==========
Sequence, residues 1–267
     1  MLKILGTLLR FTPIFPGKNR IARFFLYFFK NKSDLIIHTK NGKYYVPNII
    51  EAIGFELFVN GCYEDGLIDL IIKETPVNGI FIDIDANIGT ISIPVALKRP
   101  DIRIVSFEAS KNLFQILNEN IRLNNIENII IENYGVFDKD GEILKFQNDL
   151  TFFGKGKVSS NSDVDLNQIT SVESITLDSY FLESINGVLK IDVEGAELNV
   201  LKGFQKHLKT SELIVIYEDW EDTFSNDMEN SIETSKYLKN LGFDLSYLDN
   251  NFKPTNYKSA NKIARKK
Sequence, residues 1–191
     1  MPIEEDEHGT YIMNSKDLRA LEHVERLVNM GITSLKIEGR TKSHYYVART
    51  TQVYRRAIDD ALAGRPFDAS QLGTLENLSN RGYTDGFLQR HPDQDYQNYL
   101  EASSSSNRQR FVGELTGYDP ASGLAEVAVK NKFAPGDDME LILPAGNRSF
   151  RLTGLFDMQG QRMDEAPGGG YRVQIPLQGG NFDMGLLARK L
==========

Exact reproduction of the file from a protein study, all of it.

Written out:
Sequence, residues 1–267
     1  MLKILGTLLR FTPIFPGKNR IARFFLYFFK NKSDLIIHTK NGKYYVPNII
    51  EAIGFELFVN GCYEDGLIDL IIKETPVNGI FIDIDANIGT ISIPVALKRP
   101  DIRIVSFEAS KNLFQILNEN IRLNNIENII IENYGVFDKD GEILKFQNDL
   151  TFFGKGKVSS NSDVDLNQIT SVESITLDSY FLESINGVLK IDVEGAELNV
   201  LKGFQKHLKT SELIVIYEDW EDTFSNDMEN SIETSKYLKN LGFDLSYLDN
   251  NFKPTNYKSA NKIARKK
Sequence, residues 1–191
     1  MPIEEDEHGT YIMNSKDLRA LEHVERLVNM GITSLKIEGR TKSHYYVART
    51  TQVYRRAIDD ALAGRPFDAS QLGTLENLSN RGYTDGFLQR HPDQDYQNYL
   101  EASSSSNRQR FVGELTGYDP ASGLAEVAVK NKFAPGDDME LILPAGNRSF
   151  RLTGLFDMQG QRMDEAPGGG YRVQIPLQGG NFDMGLLARK L